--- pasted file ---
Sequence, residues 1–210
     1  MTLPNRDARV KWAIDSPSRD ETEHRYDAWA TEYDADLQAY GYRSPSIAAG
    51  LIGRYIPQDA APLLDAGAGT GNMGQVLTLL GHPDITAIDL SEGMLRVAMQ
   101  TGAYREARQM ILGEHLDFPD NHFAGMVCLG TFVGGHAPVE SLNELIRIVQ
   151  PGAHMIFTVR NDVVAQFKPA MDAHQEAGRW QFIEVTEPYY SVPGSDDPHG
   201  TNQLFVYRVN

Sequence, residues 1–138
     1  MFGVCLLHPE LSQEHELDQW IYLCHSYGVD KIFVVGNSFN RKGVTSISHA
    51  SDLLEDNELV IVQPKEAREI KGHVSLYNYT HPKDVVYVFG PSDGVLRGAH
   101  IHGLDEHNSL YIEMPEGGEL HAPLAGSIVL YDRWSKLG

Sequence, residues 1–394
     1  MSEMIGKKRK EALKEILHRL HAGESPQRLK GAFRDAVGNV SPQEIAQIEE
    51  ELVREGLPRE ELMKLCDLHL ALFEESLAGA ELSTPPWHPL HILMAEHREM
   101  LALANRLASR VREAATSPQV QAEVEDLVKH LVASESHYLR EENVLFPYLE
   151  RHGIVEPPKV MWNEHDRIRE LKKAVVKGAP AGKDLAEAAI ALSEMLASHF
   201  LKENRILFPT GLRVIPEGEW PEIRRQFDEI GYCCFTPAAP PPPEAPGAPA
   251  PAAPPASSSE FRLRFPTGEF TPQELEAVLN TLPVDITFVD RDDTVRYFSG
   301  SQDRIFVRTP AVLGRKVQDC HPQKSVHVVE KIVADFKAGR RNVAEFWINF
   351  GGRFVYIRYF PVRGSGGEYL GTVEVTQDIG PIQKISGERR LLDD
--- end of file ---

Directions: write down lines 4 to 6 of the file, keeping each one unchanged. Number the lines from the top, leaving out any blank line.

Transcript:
   101  TGAYREARQM ILGEHLDFPD NHFAGMVCLG TFVGGHAPVE SLNELIRIVQ
   151  PGAHMIFTVR NDVVAQFKPA MDAHQEAGRW QFIEVTEPYY SVPGSDDPHG
   201  TNQLFVYRVN